The great cargo ships which set sail from Hamburg pass down the Elbe on their way to the North Sea. They pass the Airbus plant at Finkenwerder on their port side and the sedate suburb of Blankenese to starboard. Villas with fine views of the river tumble down the Blankenese hillsides. The gardens of these expensive homes extend over sunny south-facing slopes, so Hamburg’s elite can watch the comings and goings on one of Europe’s great rivers.
But no-one has a better view of the Elbe and its surroundings than the men and women who stand on the bridges of the container ships on the river. For they are usually sufficiently high that they can peek over the dykes which protect the land away to the south of the river and gaze into the old country.
The old country (‘Altes Land’ in German) is not old. Dutch settlers arrived on the banks of the Elbe in the 12th century and diligently set about reclaiming marshy, flood-prone meadows on the south side of the river. First they built drainage canals and dykes in the area between the River Schwinge and the River Lühe; both streams are south-bank tributaries of the Elbe. The land reclaimed in this phase of settlement is called the Erste Meile (the first mile, recalling the Dutch mijl as a unit of measurement).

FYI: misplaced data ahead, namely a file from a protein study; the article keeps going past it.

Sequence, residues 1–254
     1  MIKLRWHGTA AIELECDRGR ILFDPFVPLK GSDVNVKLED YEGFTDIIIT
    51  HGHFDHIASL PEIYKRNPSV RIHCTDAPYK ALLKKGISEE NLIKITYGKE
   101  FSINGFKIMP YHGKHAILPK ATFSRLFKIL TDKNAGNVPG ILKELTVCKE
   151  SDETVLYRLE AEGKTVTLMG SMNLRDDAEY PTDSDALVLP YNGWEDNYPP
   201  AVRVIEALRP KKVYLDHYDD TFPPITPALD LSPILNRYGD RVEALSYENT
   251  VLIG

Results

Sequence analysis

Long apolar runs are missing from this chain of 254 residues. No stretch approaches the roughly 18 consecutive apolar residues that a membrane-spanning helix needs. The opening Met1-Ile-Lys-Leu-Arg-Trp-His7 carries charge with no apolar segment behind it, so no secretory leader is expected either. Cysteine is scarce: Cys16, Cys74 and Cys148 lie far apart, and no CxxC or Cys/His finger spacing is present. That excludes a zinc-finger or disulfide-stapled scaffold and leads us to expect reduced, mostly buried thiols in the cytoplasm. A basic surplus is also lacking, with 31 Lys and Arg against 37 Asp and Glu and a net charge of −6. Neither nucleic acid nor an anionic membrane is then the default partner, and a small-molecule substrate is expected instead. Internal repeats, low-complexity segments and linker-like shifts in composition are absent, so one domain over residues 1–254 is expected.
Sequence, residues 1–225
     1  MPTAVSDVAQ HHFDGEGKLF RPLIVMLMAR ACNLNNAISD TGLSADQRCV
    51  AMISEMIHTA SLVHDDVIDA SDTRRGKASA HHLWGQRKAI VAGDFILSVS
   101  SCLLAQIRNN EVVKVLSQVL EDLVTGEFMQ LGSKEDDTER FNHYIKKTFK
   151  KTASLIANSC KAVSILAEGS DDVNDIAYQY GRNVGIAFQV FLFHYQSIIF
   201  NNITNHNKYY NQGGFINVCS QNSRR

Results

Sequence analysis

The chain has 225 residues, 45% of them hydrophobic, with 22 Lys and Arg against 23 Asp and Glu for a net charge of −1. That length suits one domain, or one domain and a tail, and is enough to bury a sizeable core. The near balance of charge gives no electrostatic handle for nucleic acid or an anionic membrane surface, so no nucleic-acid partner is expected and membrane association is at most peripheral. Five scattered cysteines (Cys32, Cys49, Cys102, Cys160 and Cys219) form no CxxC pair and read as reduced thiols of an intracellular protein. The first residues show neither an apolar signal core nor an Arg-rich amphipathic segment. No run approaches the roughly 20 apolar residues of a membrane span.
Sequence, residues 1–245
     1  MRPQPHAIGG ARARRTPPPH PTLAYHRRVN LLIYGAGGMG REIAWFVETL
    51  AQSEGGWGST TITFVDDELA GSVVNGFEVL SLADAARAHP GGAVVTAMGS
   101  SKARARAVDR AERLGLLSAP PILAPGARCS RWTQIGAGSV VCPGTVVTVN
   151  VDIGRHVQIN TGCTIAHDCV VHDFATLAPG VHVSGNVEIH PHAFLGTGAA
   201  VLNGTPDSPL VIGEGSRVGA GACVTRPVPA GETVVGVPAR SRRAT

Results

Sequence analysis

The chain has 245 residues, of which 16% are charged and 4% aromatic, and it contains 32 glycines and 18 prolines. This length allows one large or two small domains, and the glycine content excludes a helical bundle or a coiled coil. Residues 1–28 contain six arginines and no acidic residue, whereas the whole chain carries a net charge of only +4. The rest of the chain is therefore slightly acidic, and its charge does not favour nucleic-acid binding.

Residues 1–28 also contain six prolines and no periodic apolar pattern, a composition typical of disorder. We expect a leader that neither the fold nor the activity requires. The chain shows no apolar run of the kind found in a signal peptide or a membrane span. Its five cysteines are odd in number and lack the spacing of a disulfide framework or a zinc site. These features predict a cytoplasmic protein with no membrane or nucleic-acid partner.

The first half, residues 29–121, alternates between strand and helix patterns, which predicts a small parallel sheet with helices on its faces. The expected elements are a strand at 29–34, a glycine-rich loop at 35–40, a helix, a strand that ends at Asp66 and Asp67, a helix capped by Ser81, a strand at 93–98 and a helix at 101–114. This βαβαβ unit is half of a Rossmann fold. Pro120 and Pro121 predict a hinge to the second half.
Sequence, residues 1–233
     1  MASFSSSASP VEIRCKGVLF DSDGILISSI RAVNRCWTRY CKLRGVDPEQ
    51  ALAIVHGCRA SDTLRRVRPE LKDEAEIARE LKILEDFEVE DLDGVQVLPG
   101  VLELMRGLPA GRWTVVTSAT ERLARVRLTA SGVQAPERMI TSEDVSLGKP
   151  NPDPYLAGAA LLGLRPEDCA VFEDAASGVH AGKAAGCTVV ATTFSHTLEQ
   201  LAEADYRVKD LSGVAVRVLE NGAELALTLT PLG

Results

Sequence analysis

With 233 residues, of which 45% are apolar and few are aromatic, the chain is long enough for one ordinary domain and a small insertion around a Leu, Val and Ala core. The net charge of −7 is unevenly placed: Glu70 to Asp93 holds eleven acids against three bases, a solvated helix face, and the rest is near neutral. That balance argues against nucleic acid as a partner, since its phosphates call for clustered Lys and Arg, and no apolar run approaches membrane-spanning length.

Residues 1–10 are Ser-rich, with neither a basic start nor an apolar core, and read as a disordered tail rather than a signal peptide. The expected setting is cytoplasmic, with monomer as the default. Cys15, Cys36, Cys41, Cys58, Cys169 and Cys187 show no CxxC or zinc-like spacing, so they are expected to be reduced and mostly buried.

So successful was the venture that half a century later the reclamation work was extended upstream and a large area beyond the River Lühe — reaching as far as the River Este — was recovered for agricultural use. This was the Zweite Meile (the second mile). Only 200 years later was the third and last phase of reclamation undertaken. It extends further upstream and nudges the very outskirts of Hamburg.